David Wilson is editor of Engineeringtalk and Electronicstalk, and contributing editor to The Engineer
Business at the company, a classic small- to medium-sized enterprise, was booming. And the engineering manager was delighted when the managing director asked him to hire a new graduate to help with the formidable task of developing a rather sophisticated new automated electronic test system.
To set the recruitment wheels in motion, the engineering manager phoned some of his academic friends at one or two prestigious university engineering departments, and it wasn’t long before he had short-listed two promising individuals, who he called in to determine their suitability for the job.
Both of the candidates had excellent credentials. Both had spent four long years obtaining master’s degrees with honours, during which time they had taken part in independent final-year research projects.
The engineering manager was quite familiar with interviewing engineers for his company — and one important criterion that he always used to determine their suitability was to look at all-important final-year project work and the assessment that tutors had made of it.
The first candidate was undoubtedly an engineering whiz kid. For his final-year project he had developed signal-processing system that was capable of downloading and then analysing images from a weather satellite. Although it was a sophisticated system, it had taken him less than six months to develop both the hardware and software, after which he had taken four weeks’ holiday to go fishing in the Solomon Islands.
Alas, the same could not be said for the second candidate that the engineering manager interviewed. For his part, this hapless soul had attempted to create a method for recognising patterns in faulty manufactured parts by using a support vector machine.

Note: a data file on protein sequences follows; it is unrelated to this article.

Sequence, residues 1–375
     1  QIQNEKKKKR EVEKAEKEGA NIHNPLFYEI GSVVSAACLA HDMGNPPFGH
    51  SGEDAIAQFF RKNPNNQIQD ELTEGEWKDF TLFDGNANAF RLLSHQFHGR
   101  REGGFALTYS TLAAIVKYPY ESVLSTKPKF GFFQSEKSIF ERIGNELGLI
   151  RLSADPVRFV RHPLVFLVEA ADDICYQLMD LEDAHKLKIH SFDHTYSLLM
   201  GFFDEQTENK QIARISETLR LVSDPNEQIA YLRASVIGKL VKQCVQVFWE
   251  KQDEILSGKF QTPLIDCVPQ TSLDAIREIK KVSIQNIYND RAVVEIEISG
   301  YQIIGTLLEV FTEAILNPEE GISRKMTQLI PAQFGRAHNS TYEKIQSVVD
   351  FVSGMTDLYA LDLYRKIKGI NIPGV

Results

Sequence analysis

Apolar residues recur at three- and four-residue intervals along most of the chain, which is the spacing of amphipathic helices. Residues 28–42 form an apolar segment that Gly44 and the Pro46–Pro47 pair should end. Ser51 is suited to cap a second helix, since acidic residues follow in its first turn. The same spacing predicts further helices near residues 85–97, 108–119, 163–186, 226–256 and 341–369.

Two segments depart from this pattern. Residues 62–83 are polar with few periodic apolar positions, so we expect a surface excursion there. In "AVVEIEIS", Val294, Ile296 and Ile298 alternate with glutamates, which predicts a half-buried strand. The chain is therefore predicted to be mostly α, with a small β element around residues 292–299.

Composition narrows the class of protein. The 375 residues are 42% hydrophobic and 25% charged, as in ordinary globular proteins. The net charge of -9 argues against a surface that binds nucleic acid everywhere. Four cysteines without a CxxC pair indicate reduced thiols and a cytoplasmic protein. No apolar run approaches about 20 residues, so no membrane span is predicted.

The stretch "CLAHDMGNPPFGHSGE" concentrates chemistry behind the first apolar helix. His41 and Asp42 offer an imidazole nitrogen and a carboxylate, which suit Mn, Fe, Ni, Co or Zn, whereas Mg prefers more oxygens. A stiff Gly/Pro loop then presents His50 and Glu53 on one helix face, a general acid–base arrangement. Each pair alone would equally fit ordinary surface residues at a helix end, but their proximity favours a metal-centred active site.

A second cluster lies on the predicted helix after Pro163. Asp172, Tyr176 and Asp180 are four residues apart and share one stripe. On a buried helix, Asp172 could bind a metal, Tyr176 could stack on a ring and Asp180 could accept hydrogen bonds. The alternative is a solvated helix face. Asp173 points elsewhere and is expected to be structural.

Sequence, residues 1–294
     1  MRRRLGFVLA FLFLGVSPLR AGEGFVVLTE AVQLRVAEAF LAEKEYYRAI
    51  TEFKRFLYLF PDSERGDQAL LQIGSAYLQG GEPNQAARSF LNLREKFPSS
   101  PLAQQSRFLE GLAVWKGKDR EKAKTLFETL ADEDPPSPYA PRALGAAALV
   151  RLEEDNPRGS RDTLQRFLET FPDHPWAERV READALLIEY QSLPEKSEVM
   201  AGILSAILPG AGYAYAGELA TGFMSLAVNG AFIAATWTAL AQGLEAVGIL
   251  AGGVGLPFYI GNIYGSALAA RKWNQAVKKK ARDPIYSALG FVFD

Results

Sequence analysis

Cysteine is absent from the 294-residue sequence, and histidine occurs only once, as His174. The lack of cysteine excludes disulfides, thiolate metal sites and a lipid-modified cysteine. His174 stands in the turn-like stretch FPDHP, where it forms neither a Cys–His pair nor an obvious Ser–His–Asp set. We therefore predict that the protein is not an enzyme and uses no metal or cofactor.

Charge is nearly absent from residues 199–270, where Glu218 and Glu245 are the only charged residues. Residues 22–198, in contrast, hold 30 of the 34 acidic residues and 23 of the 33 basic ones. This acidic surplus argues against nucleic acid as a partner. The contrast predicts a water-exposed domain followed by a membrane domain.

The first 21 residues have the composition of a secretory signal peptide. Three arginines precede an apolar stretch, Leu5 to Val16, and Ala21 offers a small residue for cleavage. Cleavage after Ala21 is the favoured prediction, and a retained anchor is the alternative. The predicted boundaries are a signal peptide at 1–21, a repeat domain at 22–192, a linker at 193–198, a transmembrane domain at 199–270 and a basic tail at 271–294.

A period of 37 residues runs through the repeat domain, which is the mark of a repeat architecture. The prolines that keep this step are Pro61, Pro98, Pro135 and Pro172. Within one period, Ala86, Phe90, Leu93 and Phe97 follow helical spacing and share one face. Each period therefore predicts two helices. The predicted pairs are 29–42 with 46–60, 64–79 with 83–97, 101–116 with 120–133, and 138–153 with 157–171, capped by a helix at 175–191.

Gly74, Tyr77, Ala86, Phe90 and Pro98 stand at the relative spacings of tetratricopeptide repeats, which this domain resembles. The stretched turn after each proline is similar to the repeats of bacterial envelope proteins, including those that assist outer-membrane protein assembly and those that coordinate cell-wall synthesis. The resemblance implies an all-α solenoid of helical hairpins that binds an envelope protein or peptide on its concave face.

Sadly, his attempts to do so had resulted in an extremely frustrating final year in which he had little to show for his efforts. Despite that fact, his passion for the work was obvious — he was clearly an individual that liked a challenge and had worked assiduously to build the analysis system to the best of his abilities.
Now it must be said that although the engineering manger had years of experience in industry, he was not entirely sure that he fully understood the work of the second candidate. And so he asked the younger engineer to explain to him how such a system might be used for the benefit of the company’s own customers.
Based on the lengthy interviews with both graduates, the engineering manager realised immediately where the expertise of the former engineer would fit in with the goals of the company. But it was the second engineer’s work that intrigued him more — far from being an obvious fit, he had a complementary expertise that the company might be able to take advantage of in the development of the new machine.
It didn’t take long for the engineering manager to make up his mind which graduate to hire.
The results of his decision now mean that the company’s customer is getting a whole lot more than it bargained for. As a result of deploying some of the second graduate’s expertise in the design of the new test system, it is now capable of feeding data back quickly to the customer’s manufacturing processes, allowing its engineers to recognise which of manufacturing steps are inducing testing failures.
The Wilson’s world blog also forms part of the Engineeringtalk, Electronicstalk and Manufacturingtalk newsletters. To subscribe, go here for Engineeringtalk, here for Electronicstalk and here for Manufacturingtalk